Yet as important readdressing past injustices could have been and still can be, the focus of Dr. King and Nelson Mandela was not just the pursuit of tools that would have guaranteed a role as equal for their own people. It was a much deeper struggle to transform the system, not just the accommodation of millions of dispossessed and disenfranchised into a system deeply flawed at its roots.
The end goal was to create a new order, a new social contract.
Social justice was at the base of this vision, and it was at the centre of Martin Luther King and Nelson Mandela’ civil strife and interestingly, in both cases, their attention on their domestic issues, did not preclude them from embracing it beyond their nations’ borders.
In the case of the former, his contest focused on uplifting black Americans was tied to the resistance to unequal power relations and injustices outside the USA.
Dr. King, rejecting the status quo within the USA, was at the same time striving for a battle for civil and political rights aimed at creating a better and more just world.
“We have inherited a large house, a great ‘world house’ in which we have to live together—black and white, Easterner and Westerner, Gentile and Jew, Catholic and Protestant, Muslim and Hindu,” Dr. King writes in a chapter of Where Do We go From Here: Chaos or Community.
“Equality with whites will not solve the problems of either whites or Negroes if it means equality in a world society stricken by poverty and in a universe doomed to extinction by war.”
Human rights, people’s empowerment, income equality and fair opportunities, these are all pillars of the just society everywhere.
It is a society that puts a premium on the pursuit of a common good that shines because it is underpinned by social justice, and it is powered by people’s desire to be part of the change.
It is hard to find, even in the so-called liberal democracies, political systems that are truly centred on the people’s rights to participate.
This is one of the most overlooked aspects of the global human rights blueprint.
Yet achieving and implementing citizens’ rights, of political, economic and societal nature, the same rights that we normally associate to Dr. King and Nelson Mandela’s life journeys, cannot really happen unless the citizens reclaim their space to participate and their right to be involved.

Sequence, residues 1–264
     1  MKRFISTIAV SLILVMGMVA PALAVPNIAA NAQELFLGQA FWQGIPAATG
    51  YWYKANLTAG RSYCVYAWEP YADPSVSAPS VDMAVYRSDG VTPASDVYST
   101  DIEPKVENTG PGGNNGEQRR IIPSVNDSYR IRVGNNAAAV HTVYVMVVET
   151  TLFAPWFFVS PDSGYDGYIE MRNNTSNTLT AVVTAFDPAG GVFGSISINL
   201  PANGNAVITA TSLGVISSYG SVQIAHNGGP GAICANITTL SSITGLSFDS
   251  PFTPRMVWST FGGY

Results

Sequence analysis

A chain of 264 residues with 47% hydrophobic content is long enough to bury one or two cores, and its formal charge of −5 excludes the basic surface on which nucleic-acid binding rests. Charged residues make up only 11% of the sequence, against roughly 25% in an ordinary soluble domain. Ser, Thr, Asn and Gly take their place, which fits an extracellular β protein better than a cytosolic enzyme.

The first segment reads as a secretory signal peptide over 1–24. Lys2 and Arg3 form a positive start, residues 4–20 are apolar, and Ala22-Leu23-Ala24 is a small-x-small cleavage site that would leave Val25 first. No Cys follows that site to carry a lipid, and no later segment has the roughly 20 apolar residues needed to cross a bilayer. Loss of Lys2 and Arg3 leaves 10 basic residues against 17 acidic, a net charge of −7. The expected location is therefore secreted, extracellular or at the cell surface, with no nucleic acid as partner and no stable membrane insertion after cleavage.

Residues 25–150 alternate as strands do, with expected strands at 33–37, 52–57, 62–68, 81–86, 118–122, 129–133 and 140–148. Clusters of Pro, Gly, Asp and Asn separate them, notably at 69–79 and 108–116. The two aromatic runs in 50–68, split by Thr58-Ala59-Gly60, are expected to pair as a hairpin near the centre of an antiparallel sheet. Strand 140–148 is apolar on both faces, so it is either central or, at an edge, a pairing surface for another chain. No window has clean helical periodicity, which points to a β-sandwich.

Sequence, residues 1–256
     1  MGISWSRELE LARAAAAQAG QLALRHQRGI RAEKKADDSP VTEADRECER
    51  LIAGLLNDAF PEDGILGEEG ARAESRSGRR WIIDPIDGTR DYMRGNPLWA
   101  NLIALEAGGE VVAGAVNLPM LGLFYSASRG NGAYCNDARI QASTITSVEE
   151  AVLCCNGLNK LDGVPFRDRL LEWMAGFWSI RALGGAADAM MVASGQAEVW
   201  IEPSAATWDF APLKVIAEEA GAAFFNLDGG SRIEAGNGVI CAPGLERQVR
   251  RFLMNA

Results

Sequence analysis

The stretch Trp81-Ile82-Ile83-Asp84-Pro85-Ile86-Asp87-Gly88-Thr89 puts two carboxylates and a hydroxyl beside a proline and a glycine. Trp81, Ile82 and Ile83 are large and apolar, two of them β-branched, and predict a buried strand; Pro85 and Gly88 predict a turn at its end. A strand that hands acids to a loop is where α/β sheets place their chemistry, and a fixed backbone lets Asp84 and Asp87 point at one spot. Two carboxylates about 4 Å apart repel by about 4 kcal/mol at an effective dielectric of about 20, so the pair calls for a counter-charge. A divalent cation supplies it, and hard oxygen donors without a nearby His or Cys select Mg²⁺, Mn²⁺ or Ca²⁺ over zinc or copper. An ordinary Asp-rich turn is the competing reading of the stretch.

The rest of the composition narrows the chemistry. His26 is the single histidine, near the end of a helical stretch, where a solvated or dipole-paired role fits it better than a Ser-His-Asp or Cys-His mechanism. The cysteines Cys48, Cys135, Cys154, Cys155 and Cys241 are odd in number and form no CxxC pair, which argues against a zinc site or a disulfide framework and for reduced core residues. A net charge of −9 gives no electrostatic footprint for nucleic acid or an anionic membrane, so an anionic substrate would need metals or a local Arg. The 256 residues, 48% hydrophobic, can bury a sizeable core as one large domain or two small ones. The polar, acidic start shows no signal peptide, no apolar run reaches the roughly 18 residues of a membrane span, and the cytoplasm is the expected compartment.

We are wrong if we think there is only few ways to get in the “arena” and just few can enter it.
Instead, there are many ways to involve as many persons as possible, including volunteering your time, energies, and skills on the ground to help those most in need.
Very close to it and aligned in purpose and aims, in what it is a continuum it is activism, an effort to bring systematic change through better policies.
These are some of the starting points of a journey towards higher and better forms of people’s participation.
Citizens of the world need to step up.
Better and more inclusive decision making, enabling progressive public policies must come through people’s realization that participation is a goal but at the same time, a means to achieve social justice.
A true democratic system is one able to realize people’s aspirations, especially those of the left behind, not as a gift from above but as a common quest involving everyone.
As Dr. King said “now is the time to make real the promises of democracy”.
Only a new framework where everyone is encouraged and inspired to participate will enable the changes Dr. King and Nelson Mandela demanded.
These are still the changes we are all still desperately in need of. [IDN-InDepthNews – 17 January 2022]
Photo credit: The King Centre